Lobbying groups that represent Kansas doctors are urging legislators to join a multi-state medical licensing agreement.
Kansas would join 12 other states that have approved the agreement, which would streamline the process for a physician licensed to practice medicine in one state to get licensed in other states in the compact.
Officials from the Kansas Medical Society, which represents medical doctors, say the agreement would be especially beneficial for Kansas doctors who practice telemedicine with out-of-state patients.
“The interstate medical licensure compact provides an avenue to utilize technology and resources to deliver health care efficiently and safely, and ensures that regardless of where the physician resides, Kansas patients will receive the highest standard of care,” Rachelle Colombo, the medical society’s director of government affairs, said in written testimony submitted to the House Health and Human Services Committee.
Colombo said the majority of Kansas physicians already are licensed in multiple states, and the compact would make it easier for them to expand their practices without seeking more burdensome federal licensure.
The Kansas Board of Healing Arts, which regulates medical licenses, and the Kansas Association of Osteopathic Medicine also support the licensure compact in House Bill 2456.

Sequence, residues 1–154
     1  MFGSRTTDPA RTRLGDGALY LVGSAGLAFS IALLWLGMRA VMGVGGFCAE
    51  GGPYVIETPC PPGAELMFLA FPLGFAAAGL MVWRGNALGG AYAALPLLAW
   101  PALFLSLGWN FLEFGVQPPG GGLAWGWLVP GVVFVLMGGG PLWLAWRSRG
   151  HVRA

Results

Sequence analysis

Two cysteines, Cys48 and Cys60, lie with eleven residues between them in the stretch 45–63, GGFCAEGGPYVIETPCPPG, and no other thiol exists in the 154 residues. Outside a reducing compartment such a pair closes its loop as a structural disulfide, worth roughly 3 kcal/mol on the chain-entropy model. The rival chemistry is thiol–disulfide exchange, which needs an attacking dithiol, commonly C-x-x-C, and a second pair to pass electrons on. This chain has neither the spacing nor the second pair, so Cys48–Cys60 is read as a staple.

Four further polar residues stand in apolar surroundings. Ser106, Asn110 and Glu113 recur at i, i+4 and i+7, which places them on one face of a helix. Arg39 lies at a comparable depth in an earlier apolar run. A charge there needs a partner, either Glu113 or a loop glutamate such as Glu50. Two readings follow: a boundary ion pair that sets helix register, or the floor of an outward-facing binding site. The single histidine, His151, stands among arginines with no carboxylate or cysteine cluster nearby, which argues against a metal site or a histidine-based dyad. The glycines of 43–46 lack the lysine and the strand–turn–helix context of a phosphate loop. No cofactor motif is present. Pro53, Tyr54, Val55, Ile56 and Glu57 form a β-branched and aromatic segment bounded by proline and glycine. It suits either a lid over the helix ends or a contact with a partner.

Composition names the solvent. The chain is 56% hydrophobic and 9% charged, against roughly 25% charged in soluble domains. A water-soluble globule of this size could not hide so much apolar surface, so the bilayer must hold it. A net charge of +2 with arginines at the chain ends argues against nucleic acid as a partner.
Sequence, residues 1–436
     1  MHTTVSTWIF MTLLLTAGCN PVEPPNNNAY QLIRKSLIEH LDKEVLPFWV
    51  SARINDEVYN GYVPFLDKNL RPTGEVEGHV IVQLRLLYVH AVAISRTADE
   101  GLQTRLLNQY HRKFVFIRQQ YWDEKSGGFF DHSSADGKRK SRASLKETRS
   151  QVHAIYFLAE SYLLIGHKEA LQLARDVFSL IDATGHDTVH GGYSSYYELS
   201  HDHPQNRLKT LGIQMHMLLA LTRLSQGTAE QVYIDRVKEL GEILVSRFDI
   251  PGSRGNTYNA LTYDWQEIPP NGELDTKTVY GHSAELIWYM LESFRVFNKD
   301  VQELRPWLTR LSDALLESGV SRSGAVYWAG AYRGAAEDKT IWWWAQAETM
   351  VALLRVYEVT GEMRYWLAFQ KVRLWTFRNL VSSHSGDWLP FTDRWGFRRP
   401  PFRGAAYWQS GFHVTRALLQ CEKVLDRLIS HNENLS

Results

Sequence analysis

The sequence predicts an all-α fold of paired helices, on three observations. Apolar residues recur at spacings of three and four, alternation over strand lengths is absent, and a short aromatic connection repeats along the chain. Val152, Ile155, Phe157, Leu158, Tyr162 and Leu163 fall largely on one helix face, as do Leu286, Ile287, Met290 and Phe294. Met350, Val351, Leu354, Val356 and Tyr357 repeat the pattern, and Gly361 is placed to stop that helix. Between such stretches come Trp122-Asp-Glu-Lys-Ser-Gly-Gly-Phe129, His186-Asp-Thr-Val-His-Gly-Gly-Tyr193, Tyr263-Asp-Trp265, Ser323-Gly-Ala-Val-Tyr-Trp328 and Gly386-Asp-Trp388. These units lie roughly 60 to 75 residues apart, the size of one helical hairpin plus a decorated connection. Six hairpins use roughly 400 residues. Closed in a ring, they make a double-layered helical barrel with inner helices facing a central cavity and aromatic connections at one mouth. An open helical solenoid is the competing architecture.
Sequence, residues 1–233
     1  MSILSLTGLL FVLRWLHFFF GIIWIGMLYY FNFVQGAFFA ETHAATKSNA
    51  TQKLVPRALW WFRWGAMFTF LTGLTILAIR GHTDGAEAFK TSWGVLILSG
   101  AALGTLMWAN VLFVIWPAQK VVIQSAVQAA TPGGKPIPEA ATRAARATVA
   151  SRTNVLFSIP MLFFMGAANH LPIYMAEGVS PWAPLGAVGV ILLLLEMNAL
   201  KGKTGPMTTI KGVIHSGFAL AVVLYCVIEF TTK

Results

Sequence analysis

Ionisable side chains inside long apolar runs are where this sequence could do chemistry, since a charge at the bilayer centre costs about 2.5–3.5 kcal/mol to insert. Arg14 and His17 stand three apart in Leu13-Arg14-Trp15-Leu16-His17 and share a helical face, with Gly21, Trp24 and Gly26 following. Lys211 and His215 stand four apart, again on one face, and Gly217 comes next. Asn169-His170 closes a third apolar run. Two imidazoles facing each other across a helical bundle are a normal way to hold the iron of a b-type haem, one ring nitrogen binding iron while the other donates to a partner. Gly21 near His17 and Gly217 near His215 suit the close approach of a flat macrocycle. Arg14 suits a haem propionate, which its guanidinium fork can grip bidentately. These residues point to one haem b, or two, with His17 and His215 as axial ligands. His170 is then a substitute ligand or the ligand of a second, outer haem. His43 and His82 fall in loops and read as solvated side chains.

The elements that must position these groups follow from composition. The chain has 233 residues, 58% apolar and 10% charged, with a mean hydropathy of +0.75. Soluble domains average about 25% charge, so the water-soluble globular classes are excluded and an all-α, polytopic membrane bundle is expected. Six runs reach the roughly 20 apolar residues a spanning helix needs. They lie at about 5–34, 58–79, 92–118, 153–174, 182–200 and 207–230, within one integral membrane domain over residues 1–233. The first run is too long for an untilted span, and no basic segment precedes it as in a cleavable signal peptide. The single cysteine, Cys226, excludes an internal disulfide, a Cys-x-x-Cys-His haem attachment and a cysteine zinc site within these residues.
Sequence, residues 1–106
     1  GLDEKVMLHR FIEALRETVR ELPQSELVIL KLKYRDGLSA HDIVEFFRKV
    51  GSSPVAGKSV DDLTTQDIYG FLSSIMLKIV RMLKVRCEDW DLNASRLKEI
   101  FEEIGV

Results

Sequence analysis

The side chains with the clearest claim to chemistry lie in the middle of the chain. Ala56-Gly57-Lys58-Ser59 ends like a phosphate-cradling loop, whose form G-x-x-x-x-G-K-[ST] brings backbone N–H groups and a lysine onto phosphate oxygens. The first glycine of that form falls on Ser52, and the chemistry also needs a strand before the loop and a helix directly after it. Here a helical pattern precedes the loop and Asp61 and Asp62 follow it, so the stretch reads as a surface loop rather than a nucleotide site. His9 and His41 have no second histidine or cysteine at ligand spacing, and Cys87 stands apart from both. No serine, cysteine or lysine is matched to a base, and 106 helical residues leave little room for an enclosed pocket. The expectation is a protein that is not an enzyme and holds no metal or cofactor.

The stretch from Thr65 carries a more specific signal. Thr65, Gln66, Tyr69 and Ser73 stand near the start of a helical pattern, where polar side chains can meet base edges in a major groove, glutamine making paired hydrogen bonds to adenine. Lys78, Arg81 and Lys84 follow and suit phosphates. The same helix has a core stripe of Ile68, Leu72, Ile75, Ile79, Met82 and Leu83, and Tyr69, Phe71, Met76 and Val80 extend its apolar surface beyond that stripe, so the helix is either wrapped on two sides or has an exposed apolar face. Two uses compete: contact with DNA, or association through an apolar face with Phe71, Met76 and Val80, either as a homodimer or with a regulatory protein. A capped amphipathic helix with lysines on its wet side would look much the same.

Kathleen Selzler Lippert, executive director of the Kansas Board of Healing Arts, called the compact “states’ rights on steroids.”
“It allows physicians to practice medicine where they want, when they want, how they want,” she said.
Lippert also said the compact has strong protections for health care consumers. Complaints against compact physicians who practice in multiple states would be handled by the licensing board of the state or states in which the patients related to the complaints resides.
“It allows Kansans to hold physicians accountable,” she said.
Physicians in the compact would have to carry the highest standard of medical malpractice insurance required by any one state in the compact.
State licensing boards in the compact are required to report discipline and investigations against a physician to an interstate commission, which will maintain a database of such actions.
Boards may conduct joint investigations, and if physicians’ licenses are suspended or revoked in their primary states, the same thing would happen in others.
Several legislators on the House committee seemed receptive to joining the compact during a Monday hearing.
Rep. Jim Kelly, a Republican from Independence, said southeast Kansas faces a shortage of medical care worsened by a recent hospital closure, and more telemedicine and interstate practice would be a boon to the region.
“It’s a real key piece of legislation when you sit on the border,” Kelly said.
No one at the hearing spoke against the bill.